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Urinary incontinence affects approximately 25 million adult Americans according to the National Association for Continence. Unfortunately, urinary incontinence is often considered a “norm.” Some women are even told to expect leakage after a certain age or after having children.
What most do not realize is that incontinence is easily treatable with pelvic floor physical therapy. In many cases, simple strengthening, relaxation exercises and/or bladder re-training can be enough to alleviate symptoms depending on the type of incontinence.
There are three subcategories of incontinence: stress, urge and mixed. With stress incontinence, one will experience leakage with physical exertion, such as coughing, sneezing or lifting. In general, those with stress incontinence have weak pelvic floor muscles that prevent proper closure of sphincters. The pelvic muscles are simply too weak to counteract pressure on the bladder with exertion. In this case, strengthening exercises such as Kegels can improve pelvic floor strength and prevent leakage. Physical therapists even have specialized tools including biofeedback machines and electrical stimulation for use on the pelvic floor to stimulate these weak muscles for an enhanced strengthening effect.
With urge incontinence, one is unable to reach the bathroom before experiencing leakage. Those with urge incontinence also typically experience urinary frequency, the urge to urinate more frequently than normal. Pelvic floor muscles may be functioning properly; however the bladder is in a habit of emptying prior to completely filling. Consuming a healthy amount of fluid and avoiding bladder irritants including but not limited to citrus, caffeine, chocolate, alcohol, cranberries, etc. can reduce urinary frequency and urgency. Bladder retraining with scheduled voiding is also extremely helpful in decreasing frequency and urgency. In some instances, the pelvic floor muscles might even be too tight, which can cause unnecessary pressure on the bladder.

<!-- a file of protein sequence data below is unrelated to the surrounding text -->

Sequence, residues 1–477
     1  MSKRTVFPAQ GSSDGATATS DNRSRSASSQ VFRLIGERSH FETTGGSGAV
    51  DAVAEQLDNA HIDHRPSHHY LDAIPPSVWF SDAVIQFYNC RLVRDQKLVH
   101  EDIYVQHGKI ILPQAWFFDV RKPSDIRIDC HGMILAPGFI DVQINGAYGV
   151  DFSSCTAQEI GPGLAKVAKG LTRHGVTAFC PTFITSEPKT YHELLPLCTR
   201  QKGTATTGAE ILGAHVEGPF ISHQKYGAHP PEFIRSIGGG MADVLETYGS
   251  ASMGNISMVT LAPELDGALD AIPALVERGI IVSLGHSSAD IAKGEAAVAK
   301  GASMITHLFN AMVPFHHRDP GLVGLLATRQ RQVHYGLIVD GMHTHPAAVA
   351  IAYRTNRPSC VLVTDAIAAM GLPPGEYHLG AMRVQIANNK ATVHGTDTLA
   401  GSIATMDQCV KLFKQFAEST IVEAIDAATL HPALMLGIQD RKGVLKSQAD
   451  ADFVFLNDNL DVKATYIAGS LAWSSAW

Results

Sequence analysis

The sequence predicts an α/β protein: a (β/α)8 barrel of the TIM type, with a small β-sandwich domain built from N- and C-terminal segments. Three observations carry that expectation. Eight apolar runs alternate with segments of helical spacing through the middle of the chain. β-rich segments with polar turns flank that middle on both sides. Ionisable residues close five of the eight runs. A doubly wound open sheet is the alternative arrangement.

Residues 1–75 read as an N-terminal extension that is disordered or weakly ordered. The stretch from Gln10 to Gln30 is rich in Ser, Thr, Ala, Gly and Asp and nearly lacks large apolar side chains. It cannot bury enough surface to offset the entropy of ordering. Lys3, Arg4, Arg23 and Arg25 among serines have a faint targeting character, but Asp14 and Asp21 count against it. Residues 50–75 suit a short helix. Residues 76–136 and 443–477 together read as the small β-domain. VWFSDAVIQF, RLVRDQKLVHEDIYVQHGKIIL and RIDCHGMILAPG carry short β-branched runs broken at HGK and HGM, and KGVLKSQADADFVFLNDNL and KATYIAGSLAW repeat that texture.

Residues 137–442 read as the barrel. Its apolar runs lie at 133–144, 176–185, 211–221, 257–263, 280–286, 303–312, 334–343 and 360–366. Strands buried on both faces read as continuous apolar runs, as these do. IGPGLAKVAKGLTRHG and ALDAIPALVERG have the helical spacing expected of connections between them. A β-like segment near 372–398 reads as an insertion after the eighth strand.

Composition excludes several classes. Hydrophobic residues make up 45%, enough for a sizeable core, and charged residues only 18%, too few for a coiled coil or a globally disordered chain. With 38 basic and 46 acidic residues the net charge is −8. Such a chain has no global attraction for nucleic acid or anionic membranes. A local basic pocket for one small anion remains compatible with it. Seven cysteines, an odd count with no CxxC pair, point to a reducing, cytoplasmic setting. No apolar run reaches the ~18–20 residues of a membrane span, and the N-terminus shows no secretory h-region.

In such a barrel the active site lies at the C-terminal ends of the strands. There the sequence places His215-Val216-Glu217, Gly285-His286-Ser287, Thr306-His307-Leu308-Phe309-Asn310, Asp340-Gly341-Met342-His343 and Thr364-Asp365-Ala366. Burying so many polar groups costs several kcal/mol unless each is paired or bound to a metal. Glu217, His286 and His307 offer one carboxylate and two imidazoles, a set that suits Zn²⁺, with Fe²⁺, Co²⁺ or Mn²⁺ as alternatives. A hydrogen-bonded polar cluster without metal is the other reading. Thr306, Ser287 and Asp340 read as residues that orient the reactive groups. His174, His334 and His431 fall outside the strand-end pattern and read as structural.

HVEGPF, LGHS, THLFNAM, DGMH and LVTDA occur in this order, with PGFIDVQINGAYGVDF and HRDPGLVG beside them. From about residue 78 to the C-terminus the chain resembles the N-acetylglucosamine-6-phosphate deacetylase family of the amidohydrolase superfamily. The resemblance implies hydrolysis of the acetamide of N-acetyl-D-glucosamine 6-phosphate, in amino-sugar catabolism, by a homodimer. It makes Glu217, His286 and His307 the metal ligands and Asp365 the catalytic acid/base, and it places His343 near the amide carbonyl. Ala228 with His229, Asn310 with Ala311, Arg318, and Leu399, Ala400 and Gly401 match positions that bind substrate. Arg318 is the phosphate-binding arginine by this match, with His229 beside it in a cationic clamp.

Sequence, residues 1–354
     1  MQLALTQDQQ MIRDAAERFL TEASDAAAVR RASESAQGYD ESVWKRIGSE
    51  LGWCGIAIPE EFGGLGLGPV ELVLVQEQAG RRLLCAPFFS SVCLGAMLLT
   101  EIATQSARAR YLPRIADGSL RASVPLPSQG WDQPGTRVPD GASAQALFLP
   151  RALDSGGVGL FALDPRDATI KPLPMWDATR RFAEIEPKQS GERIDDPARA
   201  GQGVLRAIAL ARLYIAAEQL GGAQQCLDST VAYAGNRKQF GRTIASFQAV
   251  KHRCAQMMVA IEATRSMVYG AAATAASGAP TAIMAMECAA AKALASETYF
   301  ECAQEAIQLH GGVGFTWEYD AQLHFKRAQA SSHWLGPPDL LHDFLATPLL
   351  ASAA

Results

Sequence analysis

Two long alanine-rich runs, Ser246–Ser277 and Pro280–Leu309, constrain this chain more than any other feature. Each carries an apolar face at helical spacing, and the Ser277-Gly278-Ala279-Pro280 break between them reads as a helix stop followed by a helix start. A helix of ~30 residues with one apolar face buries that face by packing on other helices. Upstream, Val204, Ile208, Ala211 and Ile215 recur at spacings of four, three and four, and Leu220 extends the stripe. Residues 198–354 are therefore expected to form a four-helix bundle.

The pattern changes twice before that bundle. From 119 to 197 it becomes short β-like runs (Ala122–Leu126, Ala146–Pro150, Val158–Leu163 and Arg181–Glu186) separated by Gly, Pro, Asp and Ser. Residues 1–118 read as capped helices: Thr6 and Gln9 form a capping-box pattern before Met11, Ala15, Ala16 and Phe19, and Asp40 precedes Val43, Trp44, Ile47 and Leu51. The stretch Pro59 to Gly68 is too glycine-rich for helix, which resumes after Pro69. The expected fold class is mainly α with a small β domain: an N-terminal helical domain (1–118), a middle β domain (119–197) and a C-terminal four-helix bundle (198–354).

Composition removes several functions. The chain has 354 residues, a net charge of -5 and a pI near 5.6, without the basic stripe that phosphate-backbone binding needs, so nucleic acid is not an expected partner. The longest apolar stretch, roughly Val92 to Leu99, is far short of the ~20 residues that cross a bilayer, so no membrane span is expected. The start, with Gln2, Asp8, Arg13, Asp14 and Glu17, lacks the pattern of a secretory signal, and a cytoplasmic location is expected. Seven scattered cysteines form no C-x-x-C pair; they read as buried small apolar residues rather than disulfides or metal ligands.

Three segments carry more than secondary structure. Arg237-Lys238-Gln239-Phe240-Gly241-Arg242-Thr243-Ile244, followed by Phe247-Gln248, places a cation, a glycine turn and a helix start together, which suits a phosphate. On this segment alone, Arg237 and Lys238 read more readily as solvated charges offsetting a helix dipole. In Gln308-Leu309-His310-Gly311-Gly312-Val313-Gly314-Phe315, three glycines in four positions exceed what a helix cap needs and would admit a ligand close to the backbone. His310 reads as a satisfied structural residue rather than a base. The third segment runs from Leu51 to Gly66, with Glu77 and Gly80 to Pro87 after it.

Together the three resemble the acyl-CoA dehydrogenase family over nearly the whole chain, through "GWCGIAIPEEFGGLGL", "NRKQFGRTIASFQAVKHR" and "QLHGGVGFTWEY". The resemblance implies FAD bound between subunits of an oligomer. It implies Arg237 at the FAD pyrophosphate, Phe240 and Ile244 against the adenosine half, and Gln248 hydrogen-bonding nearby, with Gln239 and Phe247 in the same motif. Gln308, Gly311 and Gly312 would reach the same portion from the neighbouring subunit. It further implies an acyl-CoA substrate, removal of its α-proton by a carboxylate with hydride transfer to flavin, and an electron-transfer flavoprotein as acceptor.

Some individuals have a combination of both stress and urge incontinence, also referred to as mixed incontinence. In this case, incontinence is multifactorial and can be addressed with a combination of strengthening, relaxation techniques and bladder re-training.
A physical therapist trained in pelvic floor rehabilitation has the all of the tools necessary to address all types of urinary incontinence. We can determine the underlying causes of incontinence through examining lifestyle, medical history and orthopedic assessment of the pelvis both externally and internally. Most patients find this form of rehab extremely empowering and helpful. It is important to realize that incontinence is a very common condition for which help is readily available.
Tina Thornhill, PT, DPT is a physical therapist with Sheridan Memorial Hospital’s Wyoming Rehab Department.